Subject: Re: no more seti for NetBSD...
To: None <email@example.com>
From: Richard Rauch <firstname.lastname@example.org>
Date: 02/14/2000 23:23:31
Some points to ponder:
* I occasionally check my stats in Team NetBSD on SETI@home (or, I did).
The appearance is that many people moderately on the list have been
relatively static. Either the machines are no longer running
setiathome, or else they have too few spare CPU cycles to be useful.
* It's not clear whether all NetBSD clients are being decomissioned.
Some aren't listed as explicitly going out, though they seem to
generally be older versions (so SETI@home may feel that the implication
is strong enough).
* i386-unknown-netbsd is on its way out, but not i386-unknown-openbsd.
(On the other hand, the only OpenBSD binary listed is 1.1, which
may make it implicitly on the way out.)
* They claim that an Amiga client is in the works. Much as I loved my
dear old Amigas, I'm surprised that SETI@home still plans an Amiga
port while dumping NetBSD/i386, NetBSD/Alpha, etc.
* There is a ``Thanks to the following people for porting SETI@home...''
A question arises in my mind: Did SETI@home contact them, or the other
way around? (Wes Peters is listed in there, I see; I believe that he
is a FreeBSD-type, isn't he?)
* I wouldn't count on being able to clarify the waters if by some chance
it's your machine that finds the first definite sign of intelligence.
Especially if you're running a LINUX binary, I'd not put much faith in
the media managing to pick up anything more than ``LINUX''. (Or, they
might catch that you used a LINUX binary on your NetBSD machine, and
may report something such as, ``...running LINUX on his/her NetBSD
If they can't support our OS, they could provide a legitimately patched
version that gets the correct OS version. (Or do the binaries use
uname(1) to figure out the machine?)
* Team NetBSD has ~60 years and ~34,000 results logged. In proportion to
the ~186,000 years and ~74,000,000 results that's not much. On the
other hand, if it's just a matter of compling & storing a few more
binaries...how much more might they get over the next 6..12 months?
In absolute terms, 60 years and 34,000 results is a lot of computation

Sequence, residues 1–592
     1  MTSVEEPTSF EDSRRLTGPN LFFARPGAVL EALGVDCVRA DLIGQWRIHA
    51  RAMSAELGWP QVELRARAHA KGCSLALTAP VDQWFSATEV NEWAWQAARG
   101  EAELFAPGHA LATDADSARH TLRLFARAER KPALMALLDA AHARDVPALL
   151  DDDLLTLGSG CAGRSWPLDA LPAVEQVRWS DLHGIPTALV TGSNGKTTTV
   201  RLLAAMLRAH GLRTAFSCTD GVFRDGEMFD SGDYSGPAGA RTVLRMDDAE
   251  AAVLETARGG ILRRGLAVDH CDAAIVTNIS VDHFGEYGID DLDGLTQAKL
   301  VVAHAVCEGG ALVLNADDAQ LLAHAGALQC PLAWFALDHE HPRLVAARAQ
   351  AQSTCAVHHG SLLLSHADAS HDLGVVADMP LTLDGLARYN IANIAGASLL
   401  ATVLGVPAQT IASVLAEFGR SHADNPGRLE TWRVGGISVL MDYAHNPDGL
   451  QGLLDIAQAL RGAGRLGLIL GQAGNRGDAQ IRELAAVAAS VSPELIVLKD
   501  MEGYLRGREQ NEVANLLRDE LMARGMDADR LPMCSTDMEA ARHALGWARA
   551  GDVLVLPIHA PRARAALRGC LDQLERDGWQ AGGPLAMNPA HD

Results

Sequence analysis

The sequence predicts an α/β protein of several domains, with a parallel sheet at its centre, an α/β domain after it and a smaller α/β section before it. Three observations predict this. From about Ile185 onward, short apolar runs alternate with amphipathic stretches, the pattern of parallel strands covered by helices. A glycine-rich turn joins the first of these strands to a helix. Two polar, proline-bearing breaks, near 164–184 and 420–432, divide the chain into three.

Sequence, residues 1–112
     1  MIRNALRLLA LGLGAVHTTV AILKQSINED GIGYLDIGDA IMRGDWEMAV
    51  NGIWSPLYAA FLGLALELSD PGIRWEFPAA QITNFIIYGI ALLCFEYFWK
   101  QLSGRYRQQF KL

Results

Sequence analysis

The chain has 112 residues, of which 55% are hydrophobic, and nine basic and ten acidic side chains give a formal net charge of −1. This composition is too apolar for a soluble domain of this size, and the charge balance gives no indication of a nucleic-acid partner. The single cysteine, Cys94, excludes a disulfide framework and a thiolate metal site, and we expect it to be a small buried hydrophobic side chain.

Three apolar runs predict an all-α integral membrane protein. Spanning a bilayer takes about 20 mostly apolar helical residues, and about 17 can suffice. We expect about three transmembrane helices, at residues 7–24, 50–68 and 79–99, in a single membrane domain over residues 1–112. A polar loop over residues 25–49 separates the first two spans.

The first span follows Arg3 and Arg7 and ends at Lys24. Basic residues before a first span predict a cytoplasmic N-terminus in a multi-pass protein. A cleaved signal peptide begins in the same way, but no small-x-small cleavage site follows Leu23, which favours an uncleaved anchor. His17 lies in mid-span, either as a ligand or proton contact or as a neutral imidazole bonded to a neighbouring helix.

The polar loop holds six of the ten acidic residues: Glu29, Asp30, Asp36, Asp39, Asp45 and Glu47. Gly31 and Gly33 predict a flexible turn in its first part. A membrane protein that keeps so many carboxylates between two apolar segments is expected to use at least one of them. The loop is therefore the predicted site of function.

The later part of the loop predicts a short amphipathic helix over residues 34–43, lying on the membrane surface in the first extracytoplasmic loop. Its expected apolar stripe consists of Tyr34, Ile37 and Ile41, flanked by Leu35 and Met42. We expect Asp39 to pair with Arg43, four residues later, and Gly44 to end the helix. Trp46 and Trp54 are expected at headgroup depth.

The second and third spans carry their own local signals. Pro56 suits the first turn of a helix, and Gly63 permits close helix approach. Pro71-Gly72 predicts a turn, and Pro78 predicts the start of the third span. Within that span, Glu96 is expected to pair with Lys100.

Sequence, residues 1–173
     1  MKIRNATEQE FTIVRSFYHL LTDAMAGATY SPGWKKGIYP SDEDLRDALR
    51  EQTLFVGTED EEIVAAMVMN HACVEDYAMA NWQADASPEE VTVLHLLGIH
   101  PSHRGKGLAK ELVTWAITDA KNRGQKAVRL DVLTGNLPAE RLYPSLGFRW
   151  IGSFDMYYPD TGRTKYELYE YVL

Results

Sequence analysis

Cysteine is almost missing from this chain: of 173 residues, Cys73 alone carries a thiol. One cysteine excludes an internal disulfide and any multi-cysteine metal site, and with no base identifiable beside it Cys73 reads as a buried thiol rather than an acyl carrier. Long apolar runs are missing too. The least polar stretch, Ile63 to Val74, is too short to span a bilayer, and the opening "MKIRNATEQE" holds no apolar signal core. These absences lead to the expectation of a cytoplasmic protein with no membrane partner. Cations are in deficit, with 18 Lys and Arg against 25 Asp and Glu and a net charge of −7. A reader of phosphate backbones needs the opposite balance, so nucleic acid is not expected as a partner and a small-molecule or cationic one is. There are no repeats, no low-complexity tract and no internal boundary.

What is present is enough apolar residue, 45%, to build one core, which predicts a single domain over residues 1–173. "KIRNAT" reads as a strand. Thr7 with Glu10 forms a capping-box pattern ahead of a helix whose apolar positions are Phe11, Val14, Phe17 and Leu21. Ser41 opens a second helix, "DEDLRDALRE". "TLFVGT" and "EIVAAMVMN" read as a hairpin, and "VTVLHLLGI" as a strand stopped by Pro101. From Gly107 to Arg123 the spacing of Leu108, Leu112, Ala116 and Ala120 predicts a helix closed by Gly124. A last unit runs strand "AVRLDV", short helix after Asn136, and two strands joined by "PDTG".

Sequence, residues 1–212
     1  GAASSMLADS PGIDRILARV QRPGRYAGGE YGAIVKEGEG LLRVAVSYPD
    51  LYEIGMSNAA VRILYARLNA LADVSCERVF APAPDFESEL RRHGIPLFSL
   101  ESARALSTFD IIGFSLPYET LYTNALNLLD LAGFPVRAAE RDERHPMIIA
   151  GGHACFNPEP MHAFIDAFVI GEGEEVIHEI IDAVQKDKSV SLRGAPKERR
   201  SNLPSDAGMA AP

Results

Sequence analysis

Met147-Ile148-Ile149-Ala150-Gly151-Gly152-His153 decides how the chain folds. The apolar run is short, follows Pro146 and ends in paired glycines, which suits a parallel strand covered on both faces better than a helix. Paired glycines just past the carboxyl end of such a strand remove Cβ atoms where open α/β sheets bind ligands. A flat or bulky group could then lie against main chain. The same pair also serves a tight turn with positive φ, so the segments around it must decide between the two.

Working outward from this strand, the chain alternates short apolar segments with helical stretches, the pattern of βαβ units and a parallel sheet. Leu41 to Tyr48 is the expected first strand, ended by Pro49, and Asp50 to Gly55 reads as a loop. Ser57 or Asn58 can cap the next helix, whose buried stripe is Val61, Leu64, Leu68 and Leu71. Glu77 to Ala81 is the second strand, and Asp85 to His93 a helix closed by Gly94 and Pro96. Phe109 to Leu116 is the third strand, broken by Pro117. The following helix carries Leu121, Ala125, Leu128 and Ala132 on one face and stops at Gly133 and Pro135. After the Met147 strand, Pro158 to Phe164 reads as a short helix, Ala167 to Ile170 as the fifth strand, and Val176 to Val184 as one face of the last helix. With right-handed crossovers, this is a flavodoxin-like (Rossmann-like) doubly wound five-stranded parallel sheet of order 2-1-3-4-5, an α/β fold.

to get for the trouble of compiling a binary or few.
With those points in mind, one can continue to run clients because it's
doing some theoretical good. But, there's a reason why SETI@home doesn't
tell FreeBSD users to use the same client as LINUX users. And, even if
MS-WINDOWS' setiathome ran under WINE (it might, for all I know), I
wouldn't expect SETI@home to tell i386 LINUX users to use the MS-WINDOWS
client. There is a certain amount of respect involved, and there is a
difference (IMHO) between running a FreeBSD or LINUX client because there
never has been a NetBSD client, vs. running a FreeBSD/LINUX client because
SETI@home stopped supporting NetBSD.
Alternatively, someone could offer to port SETI@home to one or more NetBSD
platforms. I assume that the SETI@home folks would want to scrutinize any
substantive source code changes, but it is conceivable that they'd
rubber-stamp it if changes could be contained to Makefile type stuff (or
if it ``just works (compiles)''). Given the number of (presumably
volunteer) people listed as helping port SETI@home, I assume that they
wouldn't mind going this route, if they had a reputable person and the net
changes were minimal. This might also be helped if there were some
unified voice, ``I will not run LINUX/FreeBSD SETI@home clients under
emulation, but would run a native NetBSD client[, for platform-X].''
A third option might be to start a more immediately useful/productive
distributed computation. Is anyone doing en masse POV-Ray rendering, for
example? Or, perhaps with some kind of agreement, and ssh, we could
distribute the work of building kernels & packages? (After a new release,
binary packages will probably need a lot of CPU time to recompile. And,
in general, it might be nice if people could connect to the website,
specify some kernel options, and get a fresh kernel---especially if one
needs a custom install kernel, or if one's system is too short on
memory/CPU-cycles to build a custom kernel.) Distributed building of
binaries probably should require ssh connections. POV-Ray isn't such a
problem if one of the ``renderers'' is misbehaving.
Do these ideas strike people as being worthwhile and practical (and novel
enough to be worth _our_ doing it)?
I don't intend to run setiathome under emulation. I would resume
running it if my NetBSD box were supported (~3000 hours, ~150 results
If I had more expertise in network & X programming (and/or more time
to spare for it), I'd offer to sign a reasonable NDA and attempt to do
the port if no one else did & if SETI@home wanted it. (I might yet be
willing to try---setiathome runs on so many UNIX-like platforms already,
and FORMERLY supported NetBSD, so it might be as simple as typing
``make''. But, I'd rather someone with more expertise, and perhaps a
little spare time, step forward first. *grin*)
As I reflect, I'd rather help people get software that they want or need
by helping compile packages & custom [install] kernels.
Barring the above, a distributed render-farm intrigues me quite a bit.
I wouldn't have many tasks for it, right now, but I do have spare
Well, that's enough of my rambling. Maybe it will spark a neuron out
"I probably don't know what I'm talking about." --email@example.com